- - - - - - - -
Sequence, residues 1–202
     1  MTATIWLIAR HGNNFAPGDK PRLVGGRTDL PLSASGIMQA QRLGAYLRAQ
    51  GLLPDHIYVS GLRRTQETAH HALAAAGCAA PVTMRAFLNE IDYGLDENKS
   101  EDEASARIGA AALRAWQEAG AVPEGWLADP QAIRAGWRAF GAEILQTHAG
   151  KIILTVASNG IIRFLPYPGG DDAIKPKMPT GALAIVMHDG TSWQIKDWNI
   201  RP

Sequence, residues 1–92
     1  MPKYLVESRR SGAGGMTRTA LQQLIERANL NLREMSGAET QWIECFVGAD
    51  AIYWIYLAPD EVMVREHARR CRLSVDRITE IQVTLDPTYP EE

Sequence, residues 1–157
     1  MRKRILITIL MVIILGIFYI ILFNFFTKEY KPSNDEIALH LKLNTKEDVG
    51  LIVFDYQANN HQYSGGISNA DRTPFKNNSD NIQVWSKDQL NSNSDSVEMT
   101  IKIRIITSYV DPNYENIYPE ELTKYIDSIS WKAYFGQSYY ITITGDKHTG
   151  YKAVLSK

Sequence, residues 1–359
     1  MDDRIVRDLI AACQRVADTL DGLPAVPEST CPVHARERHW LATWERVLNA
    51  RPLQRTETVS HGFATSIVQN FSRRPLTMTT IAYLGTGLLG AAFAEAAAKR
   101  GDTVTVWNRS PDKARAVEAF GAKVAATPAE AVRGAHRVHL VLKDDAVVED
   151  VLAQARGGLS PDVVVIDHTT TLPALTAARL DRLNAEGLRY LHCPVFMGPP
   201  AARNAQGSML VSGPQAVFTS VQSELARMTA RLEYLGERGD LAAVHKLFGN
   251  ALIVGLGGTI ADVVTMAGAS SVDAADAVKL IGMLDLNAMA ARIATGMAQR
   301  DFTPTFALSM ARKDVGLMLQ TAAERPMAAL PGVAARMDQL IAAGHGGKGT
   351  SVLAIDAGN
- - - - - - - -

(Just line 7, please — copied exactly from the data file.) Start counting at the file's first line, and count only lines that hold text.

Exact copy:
Sequence, residues 1–92